Social Cost and Opportunity CostEstimating CostsEstimating Costs
Social CostsThe most comprehensive and appropriate measure of the costs in a benefit-cost analysis for any policy action is social cost. Social cost represents the total burden on those with standing. In a regulatory context, it can be defined as: “the sum of all opportunity costs incurred as a result of the regulation.”- EPA. (2010).Guidelines for Preparing Economic Analyses.Estimating Costs
Opportunity CostThe value of the next-highest-valued alternative use of that resourceExamples:◦Playing tennis vs. reading a book◦Going to class vs. enjoying the summerIf an asset such as capital is used for one purpose, the opportunity cost is the value of the next best purpose that the asset could have been used for.Estimating Costs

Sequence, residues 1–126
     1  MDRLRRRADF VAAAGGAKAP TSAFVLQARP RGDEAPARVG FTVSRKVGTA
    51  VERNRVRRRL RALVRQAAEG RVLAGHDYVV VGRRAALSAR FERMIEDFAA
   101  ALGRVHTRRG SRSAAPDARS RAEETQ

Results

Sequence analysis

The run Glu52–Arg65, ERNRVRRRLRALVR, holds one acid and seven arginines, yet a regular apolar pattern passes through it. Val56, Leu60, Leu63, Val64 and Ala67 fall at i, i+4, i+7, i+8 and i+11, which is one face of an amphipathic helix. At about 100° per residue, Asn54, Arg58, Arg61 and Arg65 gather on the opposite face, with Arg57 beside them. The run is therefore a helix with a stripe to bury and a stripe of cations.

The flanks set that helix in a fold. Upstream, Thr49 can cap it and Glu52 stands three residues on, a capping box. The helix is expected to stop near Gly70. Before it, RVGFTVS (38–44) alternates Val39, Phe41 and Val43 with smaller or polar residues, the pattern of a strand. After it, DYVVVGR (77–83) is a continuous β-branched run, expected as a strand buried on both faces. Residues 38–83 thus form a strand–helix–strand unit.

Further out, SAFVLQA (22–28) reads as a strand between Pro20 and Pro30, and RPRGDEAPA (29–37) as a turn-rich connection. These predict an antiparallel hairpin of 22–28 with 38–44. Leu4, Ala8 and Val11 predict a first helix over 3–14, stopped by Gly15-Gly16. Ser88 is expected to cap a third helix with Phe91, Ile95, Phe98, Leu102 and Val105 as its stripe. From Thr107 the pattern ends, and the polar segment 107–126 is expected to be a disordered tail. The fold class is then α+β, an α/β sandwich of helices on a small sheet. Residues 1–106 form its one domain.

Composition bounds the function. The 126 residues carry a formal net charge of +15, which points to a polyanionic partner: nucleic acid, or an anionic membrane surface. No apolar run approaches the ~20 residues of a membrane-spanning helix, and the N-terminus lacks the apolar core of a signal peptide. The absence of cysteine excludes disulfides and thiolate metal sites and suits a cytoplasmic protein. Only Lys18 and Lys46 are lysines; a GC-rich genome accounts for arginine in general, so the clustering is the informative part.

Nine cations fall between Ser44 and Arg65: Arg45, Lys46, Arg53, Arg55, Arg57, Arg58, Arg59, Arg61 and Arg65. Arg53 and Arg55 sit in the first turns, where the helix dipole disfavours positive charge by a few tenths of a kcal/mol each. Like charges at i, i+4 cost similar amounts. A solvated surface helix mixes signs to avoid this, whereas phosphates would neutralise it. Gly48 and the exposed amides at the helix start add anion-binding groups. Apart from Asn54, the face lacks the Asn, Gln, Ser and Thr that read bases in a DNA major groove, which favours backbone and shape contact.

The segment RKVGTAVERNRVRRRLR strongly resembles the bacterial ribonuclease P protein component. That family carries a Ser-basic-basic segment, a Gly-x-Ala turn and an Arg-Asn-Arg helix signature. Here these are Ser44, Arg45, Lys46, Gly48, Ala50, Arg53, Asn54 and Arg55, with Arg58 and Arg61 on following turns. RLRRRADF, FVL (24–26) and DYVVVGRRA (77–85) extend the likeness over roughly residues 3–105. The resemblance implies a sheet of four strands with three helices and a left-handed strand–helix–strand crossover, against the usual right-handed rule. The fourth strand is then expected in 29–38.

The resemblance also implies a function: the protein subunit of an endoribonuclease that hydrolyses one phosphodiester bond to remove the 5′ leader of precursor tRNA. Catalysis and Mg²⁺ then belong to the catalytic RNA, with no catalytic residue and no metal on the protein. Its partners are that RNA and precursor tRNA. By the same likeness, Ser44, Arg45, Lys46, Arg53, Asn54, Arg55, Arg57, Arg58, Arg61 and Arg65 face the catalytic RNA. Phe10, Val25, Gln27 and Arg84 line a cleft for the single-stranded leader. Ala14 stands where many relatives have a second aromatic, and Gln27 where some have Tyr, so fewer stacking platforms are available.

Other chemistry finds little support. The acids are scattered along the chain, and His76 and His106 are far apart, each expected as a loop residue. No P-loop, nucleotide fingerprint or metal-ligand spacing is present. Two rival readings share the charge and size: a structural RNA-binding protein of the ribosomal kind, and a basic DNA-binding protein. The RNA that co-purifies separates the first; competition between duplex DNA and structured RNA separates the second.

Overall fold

ExampleYou won a free ticket to see Imagine Dragons in concert, but you may not give the ticket away or resell it, so it has no resale value. The average ticket price for their tour is $120.